Many patients admitted to hospital require venous access to infuse medications and fluids. The most commonly used device, the peripheral venous catheter, ranges from 2.5 to 4.5 cm in length, and is typically used for less than 5 days. The midline, a relatively newer peripheral venous catheter, is up to 20 cm in length, but does not reach the central veins, and may be used for up to 2 weeks. A peripherally inserted central venous catheter (PICC) is a longer catheter that is placed in one of the arm veins and extends to reach the central veins. The PICC is used for longer periods of time compared with peripheral intravenous devices, and initially gained popularity as a convenient vascular access device used in the outpatient and home settings. Its premise has been to provide access that lasts for weeks, that is fairly safe and easily manageable. Patients often require central venous access when hospitalised, with more than half of patients in intensive care, and up to 20% in those cared for in the non-intensive care wards.Reference:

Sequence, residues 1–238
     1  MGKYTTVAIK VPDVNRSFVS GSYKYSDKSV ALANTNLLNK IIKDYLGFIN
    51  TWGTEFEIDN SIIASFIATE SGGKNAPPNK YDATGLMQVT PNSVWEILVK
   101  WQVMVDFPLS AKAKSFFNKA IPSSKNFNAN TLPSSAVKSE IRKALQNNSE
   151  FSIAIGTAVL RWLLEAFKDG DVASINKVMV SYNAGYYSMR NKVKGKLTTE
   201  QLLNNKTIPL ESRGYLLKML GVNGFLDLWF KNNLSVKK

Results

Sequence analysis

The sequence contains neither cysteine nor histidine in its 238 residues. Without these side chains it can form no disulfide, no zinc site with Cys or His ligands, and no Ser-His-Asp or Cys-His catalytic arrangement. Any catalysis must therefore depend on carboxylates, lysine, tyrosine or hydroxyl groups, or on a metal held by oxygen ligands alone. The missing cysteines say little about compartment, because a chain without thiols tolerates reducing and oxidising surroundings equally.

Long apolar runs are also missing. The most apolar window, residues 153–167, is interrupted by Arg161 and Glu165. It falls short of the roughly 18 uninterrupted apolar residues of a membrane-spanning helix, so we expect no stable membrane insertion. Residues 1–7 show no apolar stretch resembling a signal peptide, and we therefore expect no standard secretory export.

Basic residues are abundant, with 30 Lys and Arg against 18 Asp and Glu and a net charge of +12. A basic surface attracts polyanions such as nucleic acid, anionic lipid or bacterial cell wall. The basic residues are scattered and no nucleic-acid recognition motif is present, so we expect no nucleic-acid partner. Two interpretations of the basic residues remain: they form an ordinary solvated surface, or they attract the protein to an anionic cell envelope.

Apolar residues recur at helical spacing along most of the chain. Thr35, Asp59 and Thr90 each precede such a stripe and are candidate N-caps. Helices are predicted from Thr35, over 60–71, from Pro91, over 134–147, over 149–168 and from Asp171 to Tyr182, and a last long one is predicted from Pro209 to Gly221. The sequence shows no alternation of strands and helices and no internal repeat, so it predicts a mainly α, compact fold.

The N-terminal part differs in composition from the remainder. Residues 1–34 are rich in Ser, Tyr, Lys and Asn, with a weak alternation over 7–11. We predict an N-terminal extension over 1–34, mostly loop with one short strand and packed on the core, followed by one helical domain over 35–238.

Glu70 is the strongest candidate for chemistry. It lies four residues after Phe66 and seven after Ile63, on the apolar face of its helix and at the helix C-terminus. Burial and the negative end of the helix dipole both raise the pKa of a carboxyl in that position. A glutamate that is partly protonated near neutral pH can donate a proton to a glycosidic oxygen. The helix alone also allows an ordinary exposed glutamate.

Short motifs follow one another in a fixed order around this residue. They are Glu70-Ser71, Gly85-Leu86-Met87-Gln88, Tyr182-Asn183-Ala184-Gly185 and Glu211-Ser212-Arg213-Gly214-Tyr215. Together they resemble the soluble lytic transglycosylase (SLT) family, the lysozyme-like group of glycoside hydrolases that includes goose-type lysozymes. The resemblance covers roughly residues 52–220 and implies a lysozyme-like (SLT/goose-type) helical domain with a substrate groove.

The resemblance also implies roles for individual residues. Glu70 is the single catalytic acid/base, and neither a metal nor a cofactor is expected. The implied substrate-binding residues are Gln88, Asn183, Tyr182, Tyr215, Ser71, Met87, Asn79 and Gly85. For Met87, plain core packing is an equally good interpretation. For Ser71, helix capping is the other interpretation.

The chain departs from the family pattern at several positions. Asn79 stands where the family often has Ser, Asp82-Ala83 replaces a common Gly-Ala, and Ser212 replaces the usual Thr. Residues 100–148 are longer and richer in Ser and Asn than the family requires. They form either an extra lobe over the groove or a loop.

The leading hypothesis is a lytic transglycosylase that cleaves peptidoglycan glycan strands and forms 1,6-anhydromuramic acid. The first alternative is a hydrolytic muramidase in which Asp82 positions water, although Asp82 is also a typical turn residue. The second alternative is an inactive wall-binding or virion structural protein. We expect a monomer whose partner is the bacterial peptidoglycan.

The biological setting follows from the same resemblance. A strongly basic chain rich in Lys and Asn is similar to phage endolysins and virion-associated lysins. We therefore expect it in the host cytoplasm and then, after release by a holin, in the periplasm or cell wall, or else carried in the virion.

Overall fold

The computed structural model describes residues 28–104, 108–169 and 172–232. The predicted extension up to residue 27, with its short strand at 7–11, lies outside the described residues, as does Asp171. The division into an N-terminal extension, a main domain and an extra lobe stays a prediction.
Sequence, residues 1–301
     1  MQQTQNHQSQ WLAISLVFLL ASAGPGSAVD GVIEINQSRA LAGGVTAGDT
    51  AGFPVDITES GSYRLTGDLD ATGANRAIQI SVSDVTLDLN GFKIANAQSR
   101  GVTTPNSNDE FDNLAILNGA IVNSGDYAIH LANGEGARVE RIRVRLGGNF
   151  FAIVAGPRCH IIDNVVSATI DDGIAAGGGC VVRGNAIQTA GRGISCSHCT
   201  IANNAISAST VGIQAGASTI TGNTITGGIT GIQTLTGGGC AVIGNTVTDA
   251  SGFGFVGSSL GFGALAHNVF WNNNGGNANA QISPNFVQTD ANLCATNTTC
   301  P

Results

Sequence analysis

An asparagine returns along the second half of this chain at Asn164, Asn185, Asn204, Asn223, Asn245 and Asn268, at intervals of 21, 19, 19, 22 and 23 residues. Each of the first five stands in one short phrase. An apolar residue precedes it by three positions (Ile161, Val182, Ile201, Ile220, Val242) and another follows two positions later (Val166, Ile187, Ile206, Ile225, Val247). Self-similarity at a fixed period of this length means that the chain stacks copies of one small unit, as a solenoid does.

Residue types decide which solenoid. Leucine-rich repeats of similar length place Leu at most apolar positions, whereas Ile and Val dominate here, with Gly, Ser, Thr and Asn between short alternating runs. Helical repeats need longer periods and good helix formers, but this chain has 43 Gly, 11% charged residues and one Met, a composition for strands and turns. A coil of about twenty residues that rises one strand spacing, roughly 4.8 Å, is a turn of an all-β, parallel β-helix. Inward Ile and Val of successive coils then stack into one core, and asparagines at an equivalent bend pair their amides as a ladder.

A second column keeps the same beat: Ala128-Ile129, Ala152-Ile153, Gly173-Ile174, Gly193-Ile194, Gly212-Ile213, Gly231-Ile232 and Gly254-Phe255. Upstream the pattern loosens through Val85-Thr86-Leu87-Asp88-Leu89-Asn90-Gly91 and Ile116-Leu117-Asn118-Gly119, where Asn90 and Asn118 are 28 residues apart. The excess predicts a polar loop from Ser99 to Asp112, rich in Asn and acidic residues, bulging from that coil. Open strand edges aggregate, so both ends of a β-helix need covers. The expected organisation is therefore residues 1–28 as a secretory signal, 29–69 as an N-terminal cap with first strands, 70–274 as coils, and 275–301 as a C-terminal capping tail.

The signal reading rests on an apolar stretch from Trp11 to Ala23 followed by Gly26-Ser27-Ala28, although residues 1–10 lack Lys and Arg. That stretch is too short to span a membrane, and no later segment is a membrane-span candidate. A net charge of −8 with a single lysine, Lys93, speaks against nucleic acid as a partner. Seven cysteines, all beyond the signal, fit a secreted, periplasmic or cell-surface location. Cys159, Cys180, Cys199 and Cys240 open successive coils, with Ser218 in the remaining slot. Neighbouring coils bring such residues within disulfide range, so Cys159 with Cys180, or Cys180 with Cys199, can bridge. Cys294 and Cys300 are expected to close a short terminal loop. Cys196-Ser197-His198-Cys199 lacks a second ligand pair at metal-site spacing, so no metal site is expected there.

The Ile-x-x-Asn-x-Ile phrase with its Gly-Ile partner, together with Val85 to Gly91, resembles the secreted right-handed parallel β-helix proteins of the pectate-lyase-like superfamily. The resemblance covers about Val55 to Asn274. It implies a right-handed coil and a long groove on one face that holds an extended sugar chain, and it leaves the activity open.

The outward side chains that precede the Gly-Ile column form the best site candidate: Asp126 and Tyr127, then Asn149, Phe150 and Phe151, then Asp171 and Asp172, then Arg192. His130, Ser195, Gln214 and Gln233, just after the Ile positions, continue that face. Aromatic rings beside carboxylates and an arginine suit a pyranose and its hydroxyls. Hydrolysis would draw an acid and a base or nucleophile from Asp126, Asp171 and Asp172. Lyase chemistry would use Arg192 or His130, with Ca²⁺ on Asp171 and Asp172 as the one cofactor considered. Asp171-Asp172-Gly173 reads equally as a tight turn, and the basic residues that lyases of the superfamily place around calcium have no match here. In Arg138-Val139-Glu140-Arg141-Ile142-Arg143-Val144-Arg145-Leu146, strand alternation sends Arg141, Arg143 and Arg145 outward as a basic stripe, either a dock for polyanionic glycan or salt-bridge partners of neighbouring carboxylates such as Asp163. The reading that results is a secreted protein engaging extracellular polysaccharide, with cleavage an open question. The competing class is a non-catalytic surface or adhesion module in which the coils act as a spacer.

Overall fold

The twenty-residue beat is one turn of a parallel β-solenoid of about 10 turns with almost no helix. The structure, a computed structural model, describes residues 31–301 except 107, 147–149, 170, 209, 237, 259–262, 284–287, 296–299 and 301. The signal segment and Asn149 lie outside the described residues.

Fakih M, Sturm L. Paving the PICC journey: building structures, process and engagement to improve outcomes. BMJ Qual Saf. 2021 Feb 11:bmjqs-2020-012910. doi: 10.1136/bmjqs-2020-012910. Epub ahead of print. PMID: 33574082.